Feeds

First Amendment rescues Grand Theft Auto's 'totally nude' strip club

Video games and titty bars - 'not like love and marriage'

Security for virtualized datacentres

The United States Constitution has once again affirmed the freedom for video strippers in Rockstar's Grand Theft Auto: San Andreas to shake their digital naughty bits without fear of trademark violation.

The 9th Circuit Court of Appeals yesterday dismissed a lawsuit by owners of the East Los Angeles strip club, "The PlayPen," against Rockstar's depiction of a similar strip club called "The Pig Pen," located in the game's fictional city of East Los Santos.

PlayPen owners, ESS Entertainment 2000, claim the video game skin joint infringes trademark and trade dress associated with their club. (Trade dress involves the "total image" of a product, like size, shape, color, graphics, or even a particular sales technique).

ESS claims that Rockstar borrowing the PlayPen's "distinctive logo" and look without their permission is likely to confuse customers as to whether ESS has endorsed or is associated with the virtual strip club.

The case against Rockstar was originally filed in district court on April 22, 2005 and received a summary judgment in Rockstar's favor based on freedom of speech rights.

The PlayPen's logo consists of the words "the PlayPen" and the phrase "Totally Nude" displayed in a public domain font with a nude silhouette of female dancer in the first "P." The court's three-judge panel notes there are also several different versions of the silhouette used in various forms of the club's advertising.

One of the above locations offers an all-you-can-eat jumbo shrimp buffet between 11:30 AM and 2PM. Can you guess which?

ESS further contends that because players can ignore the rest of the game and spend as much time as they want at the Pig Pen, the virtual strip club can be considered a significant part of the game.

San Andreas game designers do in fact admit they took inspiration for the virtual club from photographs of the PlayPen. They also claim to have used design aspects from other strip clubs in the East Los Angeles area in its creation.

The appeals court's affirmation of Rockstar's First Amendment rights produced some gems from the judges:

Both San Andreas and PlayPen offer a form of low-brow entertainment; besides this general similarity, they have nothing in common. The San Andreas Game is not complementary to the PlayPen; video games and strip clubs do not go together like a horse and carriage or, perish the thought, love and marriage. Nothing indicates that the buying public would reasonable have believed that ESS produced the video game or, for that matter, that Rockstar operated a strip club.

A player can enter the virtual strip club in Los Santos, but ESS has provided no evidence that the setting is anything but generic. It also seems far-fetched that someone playing San Andreas would think ESS had provided whatever expertise, support, or unique strip-club knowledge it possesses to the production of the Game. A reasonable consumer would not think a company that owns one strip club in East Los Angeles, which is not well known to the public at large, also produces a technologically sophisticated video game like San Andreas.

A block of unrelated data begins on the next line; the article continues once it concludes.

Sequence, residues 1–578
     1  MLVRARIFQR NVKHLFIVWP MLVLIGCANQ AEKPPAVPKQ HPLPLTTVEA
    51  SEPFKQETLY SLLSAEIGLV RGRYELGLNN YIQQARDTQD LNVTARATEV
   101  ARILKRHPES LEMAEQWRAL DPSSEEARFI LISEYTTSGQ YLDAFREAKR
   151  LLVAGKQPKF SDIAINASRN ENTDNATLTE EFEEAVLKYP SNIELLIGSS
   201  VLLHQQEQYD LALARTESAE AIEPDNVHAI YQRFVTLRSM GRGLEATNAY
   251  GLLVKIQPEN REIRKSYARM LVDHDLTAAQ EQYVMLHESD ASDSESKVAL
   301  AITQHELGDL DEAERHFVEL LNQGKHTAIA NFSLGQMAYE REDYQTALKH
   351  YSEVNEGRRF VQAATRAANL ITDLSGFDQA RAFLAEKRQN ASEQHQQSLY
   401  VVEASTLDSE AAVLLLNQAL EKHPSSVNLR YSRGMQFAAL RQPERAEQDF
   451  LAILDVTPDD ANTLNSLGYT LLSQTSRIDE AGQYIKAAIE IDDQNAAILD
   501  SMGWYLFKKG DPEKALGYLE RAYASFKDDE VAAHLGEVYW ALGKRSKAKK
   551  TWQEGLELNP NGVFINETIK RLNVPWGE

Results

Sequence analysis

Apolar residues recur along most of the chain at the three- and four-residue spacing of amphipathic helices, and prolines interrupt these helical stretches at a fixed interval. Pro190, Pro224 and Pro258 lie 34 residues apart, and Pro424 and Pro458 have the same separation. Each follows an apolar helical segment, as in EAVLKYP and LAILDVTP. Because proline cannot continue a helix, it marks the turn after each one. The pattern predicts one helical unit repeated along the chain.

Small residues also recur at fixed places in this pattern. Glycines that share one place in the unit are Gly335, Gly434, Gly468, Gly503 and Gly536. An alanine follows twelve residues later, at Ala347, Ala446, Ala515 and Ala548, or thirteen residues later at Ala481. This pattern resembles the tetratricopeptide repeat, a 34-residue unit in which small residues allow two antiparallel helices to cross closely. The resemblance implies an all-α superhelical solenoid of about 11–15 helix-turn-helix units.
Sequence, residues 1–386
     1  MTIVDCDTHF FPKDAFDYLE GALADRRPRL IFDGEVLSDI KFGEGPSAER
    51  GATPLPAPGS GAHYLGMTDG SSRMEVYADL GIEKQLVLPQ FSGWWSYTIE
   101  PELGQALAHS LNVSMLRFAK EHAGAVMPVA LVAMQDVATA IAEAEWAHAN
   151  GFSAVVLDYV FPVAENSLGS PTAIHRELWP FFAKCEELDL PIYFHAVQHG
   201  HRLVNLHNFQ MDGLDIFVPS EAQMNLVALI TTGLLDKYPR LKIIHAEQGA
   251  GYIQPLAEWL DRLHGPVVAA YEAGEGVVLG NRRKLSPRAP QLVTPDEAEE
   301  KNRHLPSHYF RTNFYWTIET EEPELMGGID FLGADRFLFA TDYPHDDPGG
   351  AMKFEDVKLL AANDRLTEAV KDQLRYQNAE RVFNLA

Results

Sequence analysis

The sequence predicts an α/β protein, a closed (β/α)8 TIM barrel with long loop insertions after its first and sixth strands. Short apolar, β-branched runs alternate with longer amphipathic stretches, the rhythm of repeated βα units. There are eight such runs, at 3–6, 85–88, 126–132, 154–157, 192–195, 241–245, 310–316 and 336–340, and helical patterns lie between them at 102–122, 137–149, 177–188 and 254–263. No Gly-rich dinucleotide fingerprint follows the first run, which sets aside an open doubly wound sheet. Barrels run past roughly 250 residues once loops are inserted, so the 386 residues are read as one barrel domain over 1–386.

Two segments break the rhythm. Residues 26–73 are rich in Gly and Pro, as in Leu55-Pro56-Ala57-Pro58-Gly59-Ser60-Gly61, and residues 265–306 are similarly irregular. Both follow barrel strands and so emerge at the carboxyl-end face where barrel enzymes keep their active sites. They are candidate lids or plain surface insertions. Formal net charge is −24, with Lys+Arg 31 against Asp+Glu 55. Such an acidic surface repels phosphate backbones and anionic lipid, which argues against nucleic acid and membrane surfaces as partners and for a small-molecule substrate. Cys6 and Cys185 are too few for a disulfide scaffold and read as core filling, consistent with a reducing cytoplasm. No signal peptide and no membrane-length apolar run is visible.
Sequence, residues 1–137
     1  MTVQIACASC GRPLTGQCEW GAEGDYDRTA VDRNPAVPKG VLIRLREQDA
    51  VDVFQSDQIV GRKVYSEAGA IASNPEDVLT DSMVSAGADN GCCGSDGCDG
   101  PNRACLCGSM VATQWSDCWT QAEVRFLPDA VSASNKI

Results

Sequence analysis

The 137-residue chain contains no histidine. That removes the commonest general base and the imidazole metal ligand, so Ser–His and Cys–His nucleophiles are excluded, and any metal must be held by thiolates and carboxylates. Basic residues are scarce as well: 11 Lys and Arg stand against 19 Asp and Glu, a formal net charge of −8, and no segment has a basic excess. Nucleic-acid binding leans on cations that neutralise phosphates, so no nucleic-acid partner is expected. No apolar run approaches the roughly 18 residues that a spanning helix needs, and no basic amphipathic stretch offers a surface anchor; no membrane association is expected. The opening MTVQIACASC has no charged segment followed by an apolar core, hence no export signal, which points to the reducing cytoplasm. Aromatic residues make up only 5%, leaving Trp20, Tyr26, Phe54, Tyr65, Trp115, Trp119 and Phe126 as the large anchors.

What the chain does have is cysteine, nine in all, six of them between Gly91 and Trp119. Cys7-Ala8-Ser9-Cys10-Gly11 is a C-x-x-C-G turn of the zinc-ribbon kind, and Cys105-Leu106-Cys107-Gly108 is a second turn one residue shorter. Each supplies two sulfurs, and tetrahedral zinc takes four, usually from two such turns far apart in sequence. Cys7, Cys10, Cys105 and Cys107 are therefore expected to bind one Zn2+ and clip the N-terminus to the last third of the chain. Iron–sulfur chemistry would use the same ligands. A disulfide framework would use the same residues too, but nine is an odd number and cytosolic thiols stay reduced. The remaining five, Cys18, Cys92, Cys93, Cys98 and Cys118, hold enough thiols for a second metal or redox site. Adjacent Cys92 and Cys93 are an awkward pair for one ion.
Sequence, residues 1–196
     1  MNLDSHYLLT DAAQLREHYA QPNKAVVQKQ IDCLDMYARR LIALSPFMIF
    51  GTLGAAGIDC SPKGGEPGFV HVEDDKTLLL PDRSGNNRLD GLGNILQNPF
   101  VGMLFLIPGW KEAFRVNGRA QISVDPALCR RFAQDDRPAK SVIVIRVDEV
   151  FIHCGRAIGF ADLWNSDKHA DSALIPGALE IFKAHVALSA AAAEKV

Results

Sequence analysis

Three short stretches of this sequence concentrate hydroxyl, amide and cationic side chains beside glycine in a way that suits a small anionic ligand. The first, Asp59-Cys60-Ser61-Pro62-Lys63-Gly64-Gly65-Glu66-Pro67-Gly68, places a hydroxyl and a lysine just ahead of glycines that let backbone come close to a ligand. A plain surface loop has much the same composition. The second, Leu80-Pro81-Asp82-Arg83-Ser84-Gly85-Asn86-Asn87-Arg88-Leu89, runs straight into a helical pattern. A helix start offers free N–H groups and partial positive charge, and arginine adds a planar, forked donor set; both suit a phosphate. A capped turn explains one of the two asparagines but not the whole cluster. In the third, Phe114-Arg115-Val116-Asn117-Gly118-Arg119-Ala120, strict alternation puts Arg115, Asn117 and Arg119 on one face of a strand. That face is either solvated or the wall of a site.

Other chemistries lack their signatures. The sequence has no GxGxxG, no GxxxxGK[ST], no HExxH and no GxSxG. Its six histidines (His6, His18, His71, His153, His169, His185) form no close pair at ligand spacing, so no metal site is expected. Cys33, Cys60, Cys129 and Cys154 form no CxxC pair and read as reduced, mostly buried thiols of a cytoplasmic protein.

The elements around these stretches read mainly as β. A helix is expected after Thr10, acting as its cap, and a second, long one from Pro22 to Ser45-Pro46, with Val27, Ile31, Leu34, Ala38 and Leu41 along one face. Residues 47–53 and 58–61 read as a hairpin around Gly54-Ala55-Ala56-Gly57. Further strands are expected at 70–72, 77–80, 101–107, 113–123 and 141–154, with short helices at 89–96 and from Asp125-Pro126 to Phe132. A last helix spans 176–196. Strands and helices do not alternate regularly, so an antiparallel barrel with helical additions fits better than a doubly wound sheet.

As for ESS's argument about players spending all their game time in virtual strip club:

But fans can spend all nine innings of a baseball game at the hot dog stand; that hardly makes Dodger Stadium a butcher's shop. In other words, the chance to attend a virtual strip club is unambiguously not the main selling point of the Game.

Tip o' the hat to Eric Goldman for fingering the case. A full version of the decision is available here. ®

Protecting users from Firesheep and other Sidejacking attacks with SSL

More from The Register

next story
Hey, Scots. Microsoft's Bing thinks you'll vote NO to independence
World's top Google-finding website calls it for the UK
Phones 4u slips into administration after EE cuts ties with Brit mobe retailer
More than 5,500 jobs could be axed if rescue mission fails
Apple CEO Tim Cook: TV is TERRIBLE and stuck in the 1970s
The iKing thinks telly is far too fiddly and ugly – basically, iTunes
Phones 4u website DIES as wounded mobe retailer struggles to stay above water
Founder blames 'ruthless network partners' for implosion
Found inside ISIS terror chap's laptop: CELINE DION tunes
REPORT: Stash of terrorist material found in Syria Dell box
OECD lashes out at tax avoiding globocorps' location-flipping antics
You hear that, Amazon, Google, Microsoft et al?
Show us your Five-Eyes SECRETS says Privacy International
Refusal to disclose GCHQ canteen menus and prices triggers Euro Human Rights Court action
prev story

Whitepapers

Providing a secure and efficient Helpdesk
A single remote control platform for user support is be key to providing an efficient helpdesk. Retain full control over the way in which screen and keystroke data is transmitted.
WIN a very cool portable ZX Spectrum
Win a one-off portable Spectrum built by legendary hardware hacker Ben Heck
Storage capacity and performance optimization at Mizuno USA
Mizuno USA turn to Tegile storage technology to solve both their SAN and backup issues.
High Performance for All
While HPC is not new, it has traditionally been seen as a specialist area – is it now geared up to meet more mainstream requirements?
Security and trust: The backbone of doing business over the internet
Explores the current state of website security and the contributions Symantec is making to help organizations protect critical data and build trust with customers.